But what a lot of people don't tell you about is the pasta.
Argentina has a mixed population - Bolivians, Spanish, Columbians and native Argentinians, to name a few. But it also has a large number of people with Italian descent. And it's most prominent when you look at the food.
We stopped by a little shop in Haedo, just outside Buenos Aires, that sells nothing but fresh pasta. As you walk into Santa Ines, you can smell the fresh, eggy pasta straight away and see the nests of freshly made spaghetti and boxes of ravioli, all with different fillings.
When we mentioned that I wrote about food, the manager beckoned us through to the back of the shop, so we could see all that was going on behind the scenes. It was refreshing to see the pasta being prepared by hand, with simple, basic ingredients. There's nothing processed here - it makes me wonder why shops such as these don't exist here at home.
We saw a huge wheel of Parmesan being grated, ready to add to cannelloni and lasagnes and also sold in bags on the side for people to take home and dredge all over their chosen pasta. A fantastic group of ladies filled and rolled cannelloni and made them up in foil trays, ready for people to take home and bake. 'Which channel are we going to be on, then?' they joked as they fluffed up their hair, as I snapped the food with my camera.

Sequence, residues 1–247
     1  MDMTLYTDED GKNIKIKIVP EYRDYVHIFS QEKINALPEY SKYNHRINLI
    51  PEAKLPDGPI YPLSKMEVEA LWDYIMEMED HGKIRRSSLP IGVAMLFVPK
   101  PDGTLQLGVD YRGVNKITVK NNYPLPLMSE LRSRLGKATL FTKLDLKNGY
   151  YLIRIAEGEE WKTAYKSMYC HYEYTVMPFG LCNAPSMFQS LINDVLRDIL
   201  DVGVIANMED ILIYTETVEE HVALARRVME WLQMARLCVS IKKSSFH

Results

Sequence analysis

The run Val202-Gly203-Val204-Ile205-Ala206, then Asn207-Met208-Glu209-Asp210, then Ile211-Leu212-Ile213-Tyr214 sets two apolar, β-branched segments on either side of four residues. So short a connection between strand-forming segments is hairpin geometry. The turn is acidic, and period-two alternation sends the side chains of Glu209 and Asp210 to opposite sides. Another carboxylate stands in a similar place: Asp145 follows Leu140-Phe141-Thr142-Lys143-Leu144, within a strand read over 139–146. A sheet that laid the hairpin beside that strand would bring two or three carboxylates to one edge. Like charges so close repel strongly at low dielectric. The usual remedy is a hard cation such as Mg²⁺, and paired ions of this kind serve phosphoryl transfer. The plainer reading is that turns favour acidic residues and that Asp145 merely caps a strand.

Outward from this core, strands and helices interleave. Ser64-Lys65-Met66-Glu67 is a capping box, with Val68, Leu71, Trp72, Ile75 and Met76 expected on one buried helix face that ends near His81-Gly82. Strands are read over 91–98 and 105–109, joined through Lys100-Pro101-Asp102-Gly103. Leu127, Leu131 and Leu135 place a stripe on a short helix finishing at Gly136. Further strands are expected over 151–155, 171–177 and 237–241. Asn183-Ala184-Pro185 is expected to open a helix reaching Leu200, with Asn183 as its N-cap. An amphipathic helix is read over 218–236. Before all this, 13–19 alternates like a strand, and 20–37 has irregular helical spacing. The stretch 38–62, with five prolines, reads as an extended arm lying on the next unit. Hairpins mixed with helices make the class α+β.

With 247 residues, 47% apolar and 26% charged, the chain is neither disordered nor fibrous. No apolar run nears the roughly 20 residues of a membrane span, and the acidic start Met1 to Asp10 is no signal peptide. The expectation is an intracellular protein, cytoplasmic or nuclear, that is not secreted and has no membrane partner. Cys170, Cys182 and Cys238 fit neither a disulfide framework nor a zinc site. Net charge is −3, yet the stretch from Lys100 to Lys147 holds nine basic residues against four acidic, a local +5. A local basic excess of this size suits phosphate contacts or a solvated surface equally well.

To the side, a ravioli machine pressed the filled pasta, so it was ready to cut into portions and box for sale at the front of the shop. The atmosphere was fun, the workers joking with us as we shuffled around: they spoke Spanish, I replied in Spanglish.
I thought this was a one-off, but there are lots of shops selling 'pastas frescas' around Buneos Aires, and in Argentina as a whole. Pasta (and pizza for that matter) are a huge part of Argentinian cuisine, and many people outside of the country don't realise it. When we ate our ricotta-filled ravioli, it was delicious: pale and extremely light, with a generous filling. Pasta like this takes a long time to perfect, and can take hours in the kitchen to make at home. It's a far cry from those gluey, tough little tortellinis and raviolis we're happy buying in the chiller cabinet of the supermarket. I just wish we had a shop like this at the end of every street in the UK.
Santa Ines is at: La Fraternidad 7, Haedo, Buenos Aires, Argentina
Telephone: (011) 4460-0383
Would you like to see fresh pasta shops in the UK? Or don't you think it would work here? Let me know, would love to know your thoughts....